Shakespeare treats the French landing on English soil gingerly. His English theater audience will not like this incursion, regardless of the fact that the French are only there to restore King Lear to his throne and are, in effect, allies rather than invaders. At the very beginning of Act IV, Scene iii, the Gentleman establishes that the King of France is not even present.The Gentleman tells Kent in vague terms that the French king had to attend to
Something he left imperfect in the state, which since his coming forth is thought of; which imports to the kingdom so much fear and danger, that his personal return was most required and necessary.
But the real reason for excluding him was that his presence would make the intrusion look more like an invasion. With the French king gone, it is Cordelia, an English girl and daughter of King Lear, who is at least the spiritual leader of the expeditionary force. She is a sort of English Joan of Arc. Shakespeare has downplayed the French invasion ever since Gloucester first hinted at it to his son Edmund in Act III, Scene iii. Shakespeare realized that treating the matter as the French coming to the rescue would seem unpatriotic and not only offend his audience but might get him in trouble in higher places. At the same time, Shakespeare realized that Lear's only chance of obtaining revenge on his hated daughters and their husbands was in being restored to his throne; and that would require military assistance from a foreign power. Rather ironically, it was because he disowned Cordelia that she married the King of France, and her husband is only sending his forces to England because he loves Cordelia and Cordelia loves her father.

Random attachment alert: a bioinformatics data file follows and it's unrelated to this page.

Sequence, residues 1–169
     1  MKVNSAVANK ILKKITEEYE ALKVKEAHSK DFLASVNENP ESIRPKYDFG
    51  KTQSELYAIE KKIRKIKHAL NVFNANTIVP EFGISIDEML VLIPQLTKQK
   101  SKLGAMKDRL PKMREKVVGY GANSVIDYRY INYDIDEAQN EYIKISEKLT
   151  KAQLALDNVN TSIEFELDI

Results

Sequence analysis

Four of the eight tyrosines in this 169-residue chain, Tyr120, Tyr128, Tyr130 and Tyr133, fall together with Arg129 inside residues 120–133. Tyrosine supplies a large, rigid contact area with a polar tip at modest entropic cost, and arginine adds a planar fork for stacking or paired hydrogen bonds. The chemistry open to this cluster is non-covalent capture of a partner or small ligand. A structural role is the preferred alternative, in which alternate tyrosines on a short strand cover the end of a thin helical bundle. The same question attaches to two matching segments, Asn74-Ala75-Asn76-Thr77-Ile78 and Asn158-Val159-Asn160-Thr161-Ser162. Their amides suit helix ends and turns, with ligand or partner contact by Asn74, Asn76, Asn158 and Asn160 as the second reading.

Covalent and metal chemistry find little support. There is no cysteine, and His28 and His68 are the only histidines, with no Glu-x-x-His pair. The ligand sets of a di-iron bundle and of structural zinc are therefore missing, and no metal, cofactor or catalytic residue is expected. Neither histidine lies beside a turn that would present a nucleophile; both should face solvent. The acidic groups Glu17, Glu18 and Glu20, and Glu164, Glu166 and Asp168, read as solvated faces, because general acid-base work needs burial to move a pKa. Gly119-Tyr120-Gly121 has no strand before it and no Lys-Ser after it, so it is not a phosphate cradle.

Although it would seem that the French invasion was intended to be a rescue mission, the French had to lose the battle for patriotic reasons. In the end both Cordelia and Lear are prisoners and the English are totally victorious. The rescue is a complete failure. Cordelia and Lear both die. It is the conflicts among Goneril, Regan, Albany, Edgar, and Edmund that restore order. Dover is mainly significant because it draws all these characters, as well as Lear and Kent, to the one spot where the French are landing. But the French have to be defeated, and Lear has to die, since this is his tragedy.